Climate change policies, green investment and changes in consumer behaviour are beginning to bite and are expected to have a major impact on oil consumption throughout the world, a special seminar on the future of oil and gas has heard.
“The collapse in the price of oil and the failure of the market to recover has caused shock. This has led to questions being asked and beliefs and business models being challenged,” said Institution of Chemical Engineers (IChemE) EnergyCentre chairperson Stefaan Simons.
Electric cars are expected to spark one of the greatest shifts.
“It’s quite possible that we are even underestimating what we could have in eight to ten years from now,” suggested infrastructure and regulatory economist Grove Steyn.
“Electric vehicles will move from being an exotic luxury item to becoming the workhorse of the economy. It’s likely to happen within the next ten years and have an enormous impact on our industry,” he added.
South African National Energy Association secretary general Dave Wright said South Africa was expected to be slower on the uptake than some developed countries.
“We must take into account the average age of vehicles in South Africa is around 11 to 13 years old, so the transition to electric vehicles will take some time.”
The seminar was held jointly by IChemE and the University of Cape Town’s (UCT’s) Chemical Engineering department to look into the long-term future of oil and gas.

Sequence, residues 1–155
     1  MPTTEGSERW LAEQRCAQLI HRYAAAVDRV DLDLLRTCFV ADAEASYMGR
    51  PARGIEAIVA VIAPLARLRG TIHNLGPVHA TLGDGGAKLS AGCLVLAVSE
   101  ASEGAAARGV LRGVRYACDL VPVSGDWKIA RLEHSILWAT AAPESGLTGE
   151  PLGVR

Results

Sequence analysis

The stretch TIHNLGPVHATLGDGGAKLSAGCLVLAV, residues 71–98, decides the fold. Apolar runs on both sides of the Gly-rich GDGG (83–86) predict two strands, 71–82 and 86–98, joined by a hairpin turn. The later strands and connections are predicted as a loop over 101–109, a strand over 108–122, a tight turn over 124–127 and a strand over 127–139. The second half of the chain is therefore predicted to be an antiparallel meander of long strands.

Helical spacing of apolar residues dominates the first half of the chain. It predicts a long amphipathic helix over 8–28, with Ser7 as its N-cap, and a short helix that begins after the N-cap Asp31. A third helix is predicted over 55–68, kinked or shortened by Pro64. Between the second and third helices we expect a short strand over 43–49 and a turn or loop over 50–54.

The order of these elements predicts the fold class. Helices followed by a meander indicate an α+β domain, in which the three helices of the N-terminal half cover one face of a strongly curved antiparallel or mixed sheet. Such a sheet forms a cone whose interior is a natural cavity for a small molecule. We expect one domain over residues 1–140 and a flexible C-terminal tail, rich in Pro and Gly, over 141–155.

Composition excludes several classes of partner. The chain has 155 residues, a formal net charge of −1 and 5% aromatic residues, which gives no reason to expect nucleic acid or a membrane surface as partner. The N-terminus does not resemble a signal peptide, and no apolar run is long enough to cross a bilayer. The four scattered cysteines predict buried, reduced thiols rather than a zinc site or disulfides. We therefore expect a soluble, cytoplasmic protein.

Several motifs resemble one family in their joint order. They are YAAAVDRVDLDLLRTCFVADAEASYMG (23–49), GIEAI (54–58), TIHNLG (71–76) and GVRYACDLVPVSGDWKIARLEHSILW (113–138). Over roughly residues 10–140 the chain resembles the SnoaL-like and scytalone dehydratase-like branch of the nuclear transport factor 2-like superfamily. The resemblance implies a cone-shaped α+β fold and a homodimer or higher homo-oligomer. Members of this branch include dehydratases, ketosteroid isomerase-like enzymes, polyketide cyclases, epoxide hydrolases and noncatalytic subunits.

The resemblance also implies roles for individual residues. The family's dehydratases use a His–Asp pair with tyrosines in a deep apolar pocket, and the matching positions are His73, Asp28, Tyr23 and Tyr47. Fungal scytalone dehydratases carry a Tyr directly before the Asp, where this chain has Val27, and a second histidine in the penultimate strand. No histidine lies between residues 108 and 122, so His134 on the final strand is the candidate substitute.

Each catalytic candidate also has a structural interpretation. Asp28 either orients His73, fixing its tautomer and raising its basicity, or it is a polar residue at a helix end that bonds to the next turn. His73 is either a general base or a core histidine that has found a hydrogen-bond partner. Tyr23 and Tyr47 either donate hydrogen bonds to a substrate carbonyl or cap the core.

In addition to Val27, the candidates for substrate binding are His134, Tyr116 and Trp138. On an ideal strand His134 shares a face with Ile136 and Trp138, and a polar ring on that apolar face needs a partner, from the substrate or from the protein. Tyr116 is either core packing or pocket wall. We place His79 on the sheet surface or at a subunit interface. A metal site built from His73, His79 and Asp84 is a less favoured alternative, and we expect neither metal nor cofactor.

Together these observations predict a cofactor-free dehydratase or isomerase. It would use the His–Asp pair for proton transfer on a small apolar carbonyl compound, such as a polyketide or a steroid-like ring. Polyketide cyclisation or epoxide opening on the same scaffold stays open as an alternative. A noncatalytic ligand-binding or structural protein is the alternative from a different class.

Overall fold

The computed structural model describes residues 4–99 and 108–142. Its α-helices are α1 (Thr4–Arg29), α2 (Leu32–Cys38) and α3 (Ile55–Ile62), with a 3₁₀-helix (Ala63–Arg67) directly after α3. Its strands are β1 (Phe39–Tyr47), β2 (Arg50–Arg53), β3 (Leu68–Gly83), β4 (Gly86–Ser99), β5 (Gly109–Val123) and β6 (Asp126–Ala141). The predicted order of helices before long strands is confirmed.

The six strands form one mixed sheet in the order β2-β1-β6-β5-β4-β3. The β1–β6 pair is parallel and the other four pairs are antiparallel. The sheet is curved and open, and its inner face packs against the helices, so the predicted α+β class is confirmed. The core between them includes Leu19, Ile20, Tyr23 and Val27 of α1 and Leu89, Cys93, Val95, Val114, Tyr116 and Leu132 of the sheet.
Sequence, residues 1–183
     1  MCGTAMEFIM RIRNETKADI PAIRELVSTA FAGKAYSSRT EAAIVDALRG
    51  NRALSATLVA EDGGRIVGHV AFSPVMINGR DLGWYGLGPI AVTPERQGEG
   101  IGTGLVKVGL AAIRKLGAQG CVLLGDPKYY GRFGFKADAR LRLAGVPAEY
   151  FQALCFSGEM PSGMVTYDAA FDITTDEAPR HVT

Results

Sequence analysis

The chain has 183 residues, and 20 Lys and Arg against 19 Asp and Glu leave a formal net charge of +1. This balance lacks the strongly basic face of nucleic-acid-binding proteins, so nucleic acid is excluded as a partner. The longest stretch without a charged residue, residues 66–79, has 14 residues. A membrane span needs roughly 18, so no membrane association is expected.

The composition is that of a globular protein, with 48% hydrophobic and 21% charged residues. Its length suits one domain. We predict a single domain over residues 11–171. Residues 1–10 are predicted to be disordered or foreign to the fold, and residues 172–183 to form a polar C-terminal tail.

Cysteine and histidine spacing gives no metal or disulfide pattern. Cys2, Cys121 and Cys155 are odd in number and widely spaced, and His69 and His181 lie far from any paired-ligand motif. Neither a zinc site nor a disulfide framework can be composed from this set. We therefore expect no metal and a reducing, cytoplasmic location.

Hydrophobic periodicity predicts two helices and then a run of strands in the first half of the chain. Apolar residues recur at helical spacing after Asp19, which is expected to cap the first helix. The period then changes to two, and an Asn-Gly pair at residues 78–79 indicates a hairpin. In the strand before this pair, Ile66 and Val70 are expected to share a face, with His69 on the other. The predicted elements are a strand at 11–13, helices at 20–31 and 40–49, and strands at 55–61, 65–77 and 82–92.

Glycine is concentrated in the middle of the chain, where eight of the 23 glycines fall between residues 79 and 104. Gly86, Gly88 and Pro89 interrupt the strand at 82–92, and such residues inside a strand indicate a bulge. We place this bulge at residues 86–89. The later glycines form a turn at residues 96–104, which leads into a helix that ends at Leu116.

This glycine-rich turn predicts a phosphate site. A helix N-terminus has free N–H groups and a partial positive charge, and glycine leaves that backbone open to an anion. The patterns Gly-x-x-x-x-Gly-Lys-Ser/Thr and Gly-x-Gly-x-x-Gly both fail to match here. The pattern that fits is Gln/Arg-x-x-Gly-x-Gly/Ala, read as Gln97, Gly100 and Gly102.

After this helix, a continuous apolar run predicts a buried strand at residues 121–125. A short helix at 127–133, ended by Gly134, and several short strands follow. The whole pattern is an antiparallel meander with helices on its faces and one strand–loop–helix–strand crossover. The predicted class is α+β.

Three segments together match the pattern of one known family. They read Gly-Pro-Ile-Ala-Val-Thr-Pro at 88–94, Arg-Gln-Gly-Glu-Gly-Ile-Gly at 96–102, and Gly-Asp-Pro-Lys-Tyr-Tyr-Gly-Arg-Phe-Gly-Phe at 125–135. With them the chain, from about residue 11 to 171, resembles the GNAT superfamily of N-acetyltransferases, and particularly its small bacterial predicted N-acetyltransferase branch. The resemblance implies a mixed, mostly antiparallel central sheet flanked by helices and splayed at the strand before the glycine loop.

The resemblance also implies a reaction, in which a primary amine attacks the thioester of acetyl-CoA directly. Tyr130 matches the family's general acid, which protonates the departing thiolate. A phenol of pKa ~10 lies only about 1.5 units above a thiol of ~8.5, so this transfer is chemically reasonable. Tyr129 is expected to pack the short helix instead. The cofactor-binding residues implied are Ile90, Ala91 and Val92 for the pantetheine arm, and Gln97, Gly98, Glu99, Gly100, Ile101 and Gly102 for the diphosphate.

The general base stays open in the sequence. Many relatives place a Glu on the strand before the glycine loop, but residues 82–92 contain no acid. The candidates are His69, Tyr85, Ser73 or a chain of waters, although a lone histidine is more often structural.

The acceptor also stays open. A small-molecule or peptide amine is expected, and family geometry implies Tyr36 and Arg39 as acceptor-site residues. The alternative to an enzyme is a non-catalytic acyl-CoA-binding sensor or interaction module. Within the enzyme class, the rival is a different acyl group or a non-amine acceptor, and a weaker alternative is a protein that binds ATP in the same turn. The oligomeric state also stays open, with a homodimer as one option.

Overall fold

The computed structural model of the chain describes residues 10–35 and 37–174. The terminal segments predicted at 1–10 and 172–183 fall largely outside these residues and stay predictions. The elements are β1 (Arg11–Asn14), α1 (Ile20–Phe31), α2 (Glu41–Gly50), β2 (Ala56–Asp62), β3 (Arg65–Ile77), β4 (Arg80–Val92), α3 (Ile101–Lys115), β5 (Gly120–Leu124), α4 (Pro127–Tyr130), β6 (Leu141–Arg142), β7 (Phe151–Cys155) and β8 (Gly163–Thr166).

It also explored the dampening effect the move to electric cars may have on oil refineries.
Some experts suggested that South Africa should rule out the idea of a new refinery.
“There is no economic case for building an additional refineryin South Africa. It’s not going to work,” commented Steyn. “We would be competing with large global refineries and high-quality product is available all over the world.”
Instead, he said, imports would be more cost-effective and that South Africa needed to invest more in storageinfrastructure.
Wright suggested oil refineries in Africa focus more on marketing and selling their crude oil on the African continent, where there may be greater opportunity.
“If they want to stay in business, they should look to sell crude in Africa.”
South Africa is also expected to follow the trend in the Europeand the UK where consumers have largely turned their backs on diesel.
“Diesel is under attack in Europe and the UK. They’re focused on phasing out diesel engines and making diesel fuel very expensive. It’s difficult to buy diesel cars. We’ll see that shrinking somewhat,” said Simons.
South African Oil and Gas Alliance CEO Niall Driver said he would be watching closely to see if the liquefied natural gas(LNG)-to-power procurement programme will be signed by the Energy Minister this year.
“This is an opportunity to showcase to the world that we can do really big projects in South Africa. The importation of LNGthrough Richards Bay, Coega and Saldanha could drive large-scale development around ports.”
Participants in the seminar also called for greater clarity in regulatory and policy frameworks.
The workshop forms part of a global discourse, with earlier workshops held in the UK, Australia, Malaysia and Singapore.
UCT Chemical Engineering department environmental and process systems engineering director Harro von Blottnitz, meanwhile, said the seminar was vital in defining a joint vision for the domestic oil and gas industry.
“While there has been robust public and professional discussion about challenges in the electricity, and now watersector, there is very little understanding of vulnerability to possible acute disturbances in the transport and fuels sector.
“Given that our largest import bill and the second largest contribution to our nation’s carbon footprint comes from transport, we see much scope for radical thinking about techno-economic transformation in this sector,” he said. Creamer Media.